While Texas never led wire-to-wire, it was pretty much close. The first two months was a seesaw race with Seattle as the Rangers never got it cooking. In fact, despite leading for most of the first part of the season, the Rangers were only 36-34 and losing 6 of 7. However before and during the All-Star Break, the Rangers figured things out in a big way, slugging teams with their hitting and frustrating opposing hitters en route to a 12-game winning streak. Despite the big run, the Rangers couldn't shake off the Angels until September. And then the Rangers really pulled away by mid-September, going 14-2 to end the stretch and avoid seeing the Yankees in the first round, but getting Tampa Bay.

WHY WERE THEY SO GOOD? Well, they played possessed really in the 2nd half of the season. From July 4th, Texas went 52-25, scorching teams along the way. 3 players had 30 or more home runs (Kinsler, Beltre, Napoli) and 2 more had 20 or more (Cruz with 29 and Hamilton with 25) so they could hit. And then, you had speed with Kinsler and Andrus (67 SB among the two) while the Rangers ranked in the top 3 in every category on the offensive side. They were a force to be reckoned with.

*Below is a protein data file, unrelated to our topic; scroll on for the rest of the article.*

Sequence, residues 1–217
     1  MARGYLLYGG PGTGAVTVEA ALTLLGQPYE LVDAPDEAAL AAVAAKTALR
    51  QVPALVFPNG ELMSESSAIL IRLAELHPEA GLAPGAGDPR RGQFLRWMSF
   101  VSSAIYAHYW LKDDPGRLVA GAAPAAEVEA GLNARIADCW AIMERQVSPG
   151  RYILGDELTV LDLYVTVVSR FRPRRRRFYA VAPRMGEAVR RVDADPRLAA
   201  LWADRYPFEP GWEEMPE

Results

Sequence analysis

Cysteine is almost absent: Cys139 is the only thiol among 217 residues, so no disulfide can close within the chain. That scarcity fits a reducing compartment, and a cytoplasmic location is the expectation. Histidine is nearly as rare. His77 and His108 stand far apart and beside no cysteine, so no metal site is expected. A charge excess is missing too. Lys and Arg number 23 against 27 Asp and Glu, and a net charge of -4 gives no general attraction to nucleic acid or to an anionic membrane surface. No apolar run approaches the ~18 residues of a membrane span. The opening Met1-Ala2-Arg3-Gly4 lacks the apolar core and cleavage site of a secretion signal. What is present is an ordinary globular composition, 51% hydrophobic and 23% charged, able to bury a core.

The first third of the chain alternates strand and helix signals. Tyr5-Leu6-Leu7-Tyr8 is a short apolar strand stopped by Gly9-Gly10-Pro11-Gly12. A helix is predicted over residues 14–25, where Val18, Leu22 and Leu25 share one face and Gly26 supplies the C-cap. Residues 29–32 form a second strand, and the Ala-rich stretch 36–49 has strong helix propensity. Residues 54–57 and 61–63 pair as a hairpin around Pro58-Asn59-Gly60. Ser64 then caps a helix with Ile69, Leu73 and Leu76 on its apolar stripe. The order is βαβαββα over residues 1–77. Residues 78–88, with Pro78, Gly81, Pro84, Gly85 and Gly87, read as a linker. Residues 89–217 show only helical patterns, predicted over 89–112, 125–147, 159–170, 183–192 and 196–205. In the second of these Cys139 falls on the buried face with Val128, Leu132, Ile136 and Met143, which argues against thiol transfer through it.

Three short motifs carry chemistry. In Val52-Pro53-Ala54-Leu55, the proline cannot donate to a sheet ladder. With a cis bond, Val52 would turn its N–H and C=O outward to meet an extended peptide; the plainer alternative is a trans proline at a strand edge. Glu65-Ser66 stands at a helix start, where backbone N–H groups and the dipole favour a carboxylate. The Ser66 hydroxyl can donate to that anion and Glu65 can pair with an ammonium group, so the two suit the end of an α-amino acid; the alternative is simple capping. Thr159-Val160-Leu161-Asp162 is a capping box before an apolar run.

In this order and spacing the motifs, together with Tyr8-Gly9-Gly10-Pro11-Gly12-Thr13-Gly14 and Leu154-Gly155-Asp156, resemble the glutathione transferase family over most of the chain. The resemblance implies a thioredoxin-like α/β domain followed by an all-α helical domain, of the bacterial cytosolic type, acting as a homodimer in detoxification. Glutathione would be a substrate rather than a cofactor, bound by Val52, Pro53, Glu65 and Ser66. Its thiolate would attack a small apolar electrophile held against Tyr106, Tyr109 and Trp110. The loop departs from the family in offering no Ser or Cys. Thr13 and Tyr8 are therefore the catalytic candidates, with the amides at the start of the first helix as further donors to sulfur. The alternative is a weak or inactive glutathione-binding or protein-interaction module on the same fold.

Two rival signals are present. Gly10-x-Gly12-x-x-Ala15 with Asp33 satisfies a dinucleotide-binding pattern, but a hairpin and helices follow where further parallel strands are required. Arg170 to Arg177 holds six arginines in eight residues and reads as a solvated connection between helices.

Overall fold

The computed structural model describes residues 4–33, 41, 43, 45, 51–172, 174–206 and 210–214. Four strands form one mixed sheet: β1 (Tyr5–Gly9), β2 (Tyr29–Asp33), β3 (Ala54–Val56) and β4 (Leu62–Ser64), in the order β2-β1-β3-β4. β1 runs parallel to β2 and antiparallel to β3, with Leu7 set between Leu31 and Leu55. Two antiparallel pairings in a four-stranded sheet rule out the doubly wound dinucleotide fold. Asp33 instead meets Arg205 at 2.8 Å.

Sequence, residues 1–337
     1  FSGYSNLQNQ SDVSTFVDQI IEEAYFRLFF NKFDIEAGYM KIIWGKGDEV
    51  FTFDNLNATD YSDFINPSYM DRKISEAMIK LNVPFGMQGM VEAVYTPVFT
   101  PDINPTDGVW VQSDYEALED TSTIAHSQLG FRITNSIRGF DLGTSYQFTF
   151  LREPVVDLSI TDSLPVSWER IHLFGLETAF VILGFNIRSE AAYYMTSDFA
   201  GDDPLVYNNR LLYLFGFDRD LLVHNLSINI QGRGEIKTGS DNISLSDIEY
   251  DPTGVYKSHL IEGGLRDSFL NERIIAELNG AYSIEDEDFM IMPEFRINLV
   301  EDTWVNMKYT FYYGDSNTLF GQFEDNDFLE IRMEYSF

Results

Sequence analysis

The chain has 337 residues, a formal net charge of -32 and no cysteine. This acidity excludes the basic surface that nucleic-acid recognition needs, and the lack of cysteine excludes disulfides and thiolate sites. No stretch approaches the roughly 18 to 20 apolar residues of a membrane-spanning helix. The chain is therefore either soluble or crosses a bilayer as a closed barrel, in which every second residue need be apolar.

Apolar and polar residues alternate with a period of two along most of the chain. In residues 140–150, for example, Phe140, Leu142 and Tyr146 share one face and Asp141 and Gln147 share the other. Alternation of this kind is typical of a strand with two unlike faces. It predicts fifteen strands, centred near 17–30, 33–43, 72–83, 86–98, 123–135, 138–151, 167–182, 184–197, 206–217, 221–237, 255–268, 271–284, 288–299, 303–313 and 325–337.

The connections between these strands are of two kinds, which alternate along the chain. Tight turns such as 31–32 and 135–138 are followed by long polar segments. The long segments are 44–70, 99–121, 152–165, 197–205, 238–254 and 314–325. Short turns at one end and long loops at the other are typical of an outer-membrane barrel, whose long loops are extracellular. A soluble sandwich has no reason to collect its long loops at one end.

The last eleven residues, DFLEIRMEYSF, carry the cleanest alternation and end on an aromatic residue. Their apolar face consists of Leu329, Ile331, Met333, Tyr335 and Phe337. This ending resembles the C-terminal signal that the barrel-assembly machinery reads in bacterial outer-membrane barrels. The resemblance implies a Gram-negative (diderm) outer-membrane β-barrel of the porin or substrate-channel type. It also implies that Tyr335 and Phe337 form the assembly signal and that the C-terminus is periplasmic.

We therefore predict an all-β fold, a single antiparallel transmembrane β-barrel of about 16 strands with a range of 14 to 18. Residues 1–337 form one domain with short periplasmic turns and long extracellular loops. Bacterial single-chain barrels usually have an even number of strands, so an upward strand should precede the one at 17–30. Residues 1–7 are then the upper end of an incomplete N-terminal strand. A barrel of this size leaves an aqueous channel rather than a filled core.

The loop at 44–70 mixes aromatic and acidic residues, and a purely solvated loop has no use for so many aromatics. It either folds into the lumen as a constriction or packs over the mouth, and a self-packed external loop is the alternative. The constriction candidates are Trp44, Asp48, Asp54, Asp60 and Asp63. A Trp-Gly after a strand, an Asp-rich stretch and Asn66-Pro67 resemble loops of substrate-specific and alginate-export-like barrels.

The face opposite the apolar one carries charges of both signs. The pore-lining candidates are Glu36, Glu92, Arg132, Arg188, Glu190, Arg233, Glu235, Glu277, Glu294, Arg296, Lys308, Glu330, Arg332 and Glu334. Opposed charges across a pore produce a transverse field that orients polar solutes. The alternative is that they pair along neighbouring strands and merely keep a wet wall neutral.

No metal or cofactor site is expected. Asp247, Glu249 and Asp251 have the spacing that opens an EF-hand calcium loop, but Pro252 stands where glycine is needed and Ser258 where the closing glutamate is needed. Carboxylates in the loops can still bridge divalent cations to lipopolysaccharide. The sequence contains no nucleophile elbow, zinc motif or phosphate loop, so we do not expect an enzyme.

The pitching for Texas in 2011 was pretty underrated. CJ Wilson had a Cy Young caliber year (16-7, 2.94 ERA, 1.17 WHIP) while Derek Holland, Matt Harrison, and Alexi Ogando had ERA's in the 3's while eating up innings (Holland had 4 complete game shutouts in 2011). But their bullpen was pretty dangerous with a veteran bunch of Darren Oliver, who pitched great as well as Mark Lowe who was solid for Texas. And two key moves for the Rangers happened at the deadline getting Mike Adams from San Diego and Koji Uehara from Baltimore, which helped solidify the pen for closer Neftali Feliz who had a 2.74 ERA and a 1.17 WHIP to go with 32 saves. Texas had everything in place for a great October run.

And early on it was going that way.